After JCPenney released their newest ad campaign, where they profile four “fat girls” in a ploy to sell self-confidence, gay conservative Milo Yiannopoulos is taking serious issue with the marketing strategy.
JCPenney’s emotional ad featured some semi-famous names who say they deserve to label themselves and their bodies, rather than the world judging them because they are obese.
Take a look at the ad:
— JCPenney (@jcpenney) June 20, 2016
But, not everyone’s a fan.
Yiannopoulos, who is also the editor of Breitbart Tech, immediately penned a piece about the campaign, calling it an “alarming video.”
“JC Penney is joining the ranks of consumer products companies following a bizarrely quixotic business model— help your customers feel good about themselves until they drop dead from obesity-related illnesses,” Yiannopoulos wrote. “The problem? When they die, they stop buying your XXXL clothing.”
It’s apparently not just JCPenney that’s beginning the “fat girl” trend, Yiannopoulos says. The political Left, he argues, are the ones that have started it all.
The left has been at the forefront of campaigns against smoking and alcohol, so it’s weird that they’re now championing the self-destructive ideology known as “fat acceptance.” I like a good meal, a good drink, and a pack of fags as much as the next man— but it would be appalling to make a self-congratulatory ideology out of it.
Healthy at any size is a myth, like the female orgasm. This all comes from feminism of course, which is busily producing women who are suitable for nothing other than being part of a voting bloc, whinging on Twitter, and being the third wheel in a tragic (sorry, “empowering”) threesome with a man who’d never take them as his primary mate.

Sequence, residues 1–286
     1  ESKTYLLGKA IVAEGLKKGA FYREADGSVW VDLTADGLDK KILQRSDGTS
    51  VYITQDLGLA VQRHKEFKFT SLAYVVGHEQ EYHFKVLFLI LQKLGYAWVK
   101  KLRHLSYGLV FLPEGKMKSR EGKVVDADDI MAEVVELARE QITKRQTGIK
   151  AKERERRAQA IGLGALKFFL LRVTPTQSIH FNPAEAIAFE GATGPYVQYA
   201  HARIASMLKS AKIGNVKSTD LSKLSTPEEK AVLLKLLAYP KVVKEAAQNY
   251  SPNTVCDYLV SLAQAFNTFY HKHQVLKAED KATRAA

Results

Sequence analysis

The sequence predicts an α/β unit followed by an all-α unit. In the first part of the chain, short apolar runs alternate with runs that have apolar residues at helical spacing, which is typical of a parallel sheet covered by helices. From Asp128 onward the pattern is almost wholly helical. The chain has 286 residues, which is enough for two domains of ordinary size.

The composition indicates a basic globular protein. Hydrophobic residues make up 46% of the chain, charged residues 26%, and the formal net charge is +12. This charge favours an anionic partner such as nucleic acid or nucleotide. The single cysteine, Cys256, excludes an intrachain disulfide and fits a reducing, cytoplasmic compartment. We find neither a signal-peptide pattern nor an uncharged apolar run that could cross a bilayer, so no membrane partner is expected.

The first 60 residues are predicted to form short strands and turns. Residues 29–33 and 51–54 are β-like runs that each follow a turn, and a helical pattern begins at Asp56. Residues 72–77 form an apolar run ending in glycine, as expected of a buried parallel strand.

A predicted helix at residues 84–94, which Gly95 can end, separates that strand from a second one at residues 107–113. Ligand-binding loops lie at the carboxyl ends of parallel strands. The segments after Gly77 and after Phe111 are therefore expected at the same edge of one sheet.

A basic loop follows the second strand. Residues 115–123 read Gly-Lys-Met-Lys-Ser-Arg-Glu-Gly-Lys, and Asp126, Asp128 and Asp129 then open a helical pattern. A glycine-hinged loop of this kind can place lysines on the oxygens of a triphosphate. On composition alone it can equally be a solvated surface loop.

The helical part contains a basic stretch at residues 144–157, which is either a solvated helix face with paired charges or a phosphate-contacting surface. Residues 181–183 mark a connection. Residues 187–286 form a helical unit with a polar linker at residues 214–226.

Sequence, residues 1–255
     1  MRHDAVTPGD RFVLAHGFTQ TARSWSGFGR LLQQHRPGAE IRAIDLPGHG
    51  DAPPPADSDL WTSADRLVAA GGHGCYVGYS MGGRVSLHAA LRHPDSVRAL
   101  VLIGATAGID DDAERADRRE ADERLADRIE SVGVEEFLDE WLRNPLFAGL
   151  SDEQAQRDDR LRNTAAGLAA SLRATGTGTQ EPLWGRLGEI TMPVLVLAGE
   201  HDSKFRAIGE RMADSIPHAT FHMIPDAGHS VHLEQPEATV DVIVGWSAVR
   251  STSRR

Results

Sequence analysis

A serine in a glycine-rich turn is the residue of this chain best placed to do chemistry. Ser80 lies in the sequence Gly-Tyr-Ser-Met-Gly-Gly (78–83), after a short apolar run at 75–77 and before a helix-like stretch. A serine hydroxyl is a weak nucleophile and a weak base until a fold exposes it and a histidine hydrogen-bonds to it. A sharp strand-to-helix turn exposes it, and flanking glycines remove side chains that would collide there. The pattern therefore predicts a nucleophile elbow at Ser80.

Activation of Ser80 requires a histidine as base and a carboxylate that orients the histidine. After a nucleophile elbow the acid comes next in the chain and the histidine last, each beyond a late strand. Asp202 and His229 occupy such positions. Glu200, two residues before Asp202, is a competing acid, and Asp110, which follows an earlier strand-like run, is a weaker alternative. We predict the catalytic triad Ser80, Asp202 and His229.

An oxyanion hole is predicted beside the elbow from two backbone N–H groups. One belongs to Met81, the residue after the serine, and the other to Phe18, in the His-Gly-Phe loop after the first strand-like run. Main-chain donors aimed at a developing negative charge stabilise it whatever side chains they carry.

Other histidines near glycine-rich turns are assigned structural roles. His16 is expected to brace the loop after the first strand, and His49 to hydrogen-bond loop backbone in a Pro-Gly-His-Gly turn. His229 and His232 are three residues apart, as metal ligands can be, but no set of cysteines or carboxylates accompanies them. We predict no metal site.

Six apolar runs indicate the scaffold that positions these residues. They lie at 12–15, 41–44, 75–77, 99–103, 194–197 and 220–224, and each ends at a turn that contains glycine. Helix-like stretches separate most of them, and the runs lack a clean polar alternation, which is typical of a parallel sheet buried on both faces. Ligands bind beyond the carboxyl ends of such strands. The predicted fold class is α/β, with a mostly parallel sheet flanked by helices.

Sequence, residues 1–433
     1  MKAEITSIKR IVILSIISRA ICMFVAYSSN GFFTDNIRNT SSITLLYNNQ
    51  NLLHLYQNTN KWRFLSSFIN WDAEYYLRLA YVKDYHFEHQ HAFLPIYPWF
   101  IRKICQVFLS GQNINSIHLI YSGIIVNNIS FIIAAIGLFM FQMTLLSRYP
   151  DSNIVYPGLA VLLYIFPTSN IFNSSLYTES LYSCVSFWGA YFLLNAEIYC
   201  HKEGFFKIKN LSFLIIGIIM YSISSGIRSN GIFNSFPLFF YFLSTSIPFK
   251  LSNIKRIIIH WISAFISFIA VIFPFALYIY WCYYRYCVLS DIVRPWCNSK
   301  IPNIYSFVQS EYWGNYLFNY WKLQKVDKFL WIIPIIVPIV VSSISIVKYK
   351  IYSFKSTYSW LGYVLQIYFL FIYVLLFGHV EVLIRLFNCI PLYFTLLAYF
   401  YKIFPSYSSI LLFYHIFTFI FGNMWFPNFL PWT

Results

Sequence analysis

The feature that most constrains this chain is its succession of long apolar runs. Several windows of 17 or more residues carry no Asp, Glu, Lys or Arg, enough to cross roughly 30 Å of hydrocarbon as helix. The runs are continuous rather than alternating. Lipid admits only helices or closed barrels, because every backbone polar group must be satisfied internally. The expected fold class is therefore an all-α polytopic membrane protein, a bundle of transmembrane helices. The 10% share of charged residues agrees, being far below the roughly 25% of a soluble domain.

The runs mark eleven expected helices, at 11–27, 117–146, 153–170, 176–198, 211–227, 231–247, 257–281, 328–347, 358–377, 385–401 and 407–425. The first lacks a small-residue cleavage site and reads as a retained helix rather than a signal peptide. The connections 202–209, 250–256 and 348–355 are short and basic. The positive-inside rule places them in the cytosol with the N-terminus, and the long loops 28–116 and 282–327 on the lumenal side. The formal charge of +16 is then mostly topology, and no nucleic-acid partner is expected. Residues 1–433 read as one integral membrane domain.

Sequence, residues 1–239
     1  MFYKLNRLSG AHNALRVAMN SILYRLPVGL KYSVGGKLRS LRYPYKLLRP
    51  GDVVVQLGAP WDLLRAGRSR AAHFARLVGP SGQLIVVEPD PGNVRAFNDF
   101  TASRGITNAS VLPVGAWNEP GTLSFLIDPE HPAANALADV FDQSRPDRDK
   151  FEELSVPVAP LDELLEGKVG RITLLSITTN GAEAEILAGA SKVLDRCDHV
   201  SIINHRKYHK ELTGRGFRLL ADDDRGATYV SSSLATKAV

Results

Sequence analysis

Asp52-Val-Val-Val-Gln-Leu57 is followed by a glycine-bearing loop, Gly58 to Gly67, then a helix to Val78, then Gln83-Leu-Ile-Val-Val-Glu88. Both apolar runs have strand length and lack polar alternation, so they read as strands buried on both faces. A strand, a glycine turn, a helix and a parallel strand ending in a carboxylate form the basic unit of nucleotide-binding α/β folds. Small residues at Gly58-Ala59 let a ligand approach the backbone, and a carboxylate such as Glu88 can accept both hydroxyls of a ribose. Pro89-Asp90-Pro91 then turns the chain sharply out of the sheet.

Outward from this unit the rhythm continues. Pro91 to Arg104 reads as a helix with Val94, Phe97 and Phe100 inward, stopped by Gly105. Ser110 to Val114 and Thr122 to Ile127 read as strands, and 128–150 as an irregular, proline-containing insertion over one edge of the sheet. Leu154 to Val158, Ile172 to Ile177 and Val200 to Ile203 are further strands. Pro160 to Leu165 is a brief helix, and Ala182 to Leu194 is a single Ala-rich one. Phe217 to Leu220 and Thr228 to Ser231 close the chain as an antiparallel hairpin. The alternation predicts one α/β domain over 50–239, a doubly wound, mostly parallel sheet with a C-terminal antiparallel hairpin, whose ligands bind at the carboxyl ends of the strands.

The facts about obesity can’t be denied. Obese women are more susceptible to diabetes, polycystic ovary syndrome (which is also linked to excessive body and facial hair – gross!), cardiovascular disease, lower back pain, knee osteoarthiritis, lower fertility and a cellulite-ridden fat ass.
Yiannopoulos didn’t stop there. He eventually took to Twitter, his most-used medium for interacting with his followers, to continue to destroy the JCPenney ad.
Needless to say, social media users definitely had something to say about the controversy.
— jebra (@Morelikebutt) June 26, 2016
— Trini (@legionsquare) June 26, 2016
@Nero Milo! You say fat people need to get healthy and stop being fat but you shame them when they’re trying… Shame on you.
— Jennifer ✘ (@realMoxi) June 26, 2016
— Border Patrol (@FacMagnaAmerica) June 27, 2016
the ironic part of this; A few people on my fb would totally make fun of fat models and yet get really sensitive about Milo’s post
— MAD OCTOPUSSY™ (@roxtopus) June 27, 2016
@Nero Looks like i need to stop identifying as Trans-Fat and get back on Milo’s good side.
— Nehemiah (Nemo) Knox (@Nemo19089) June 27, 2016
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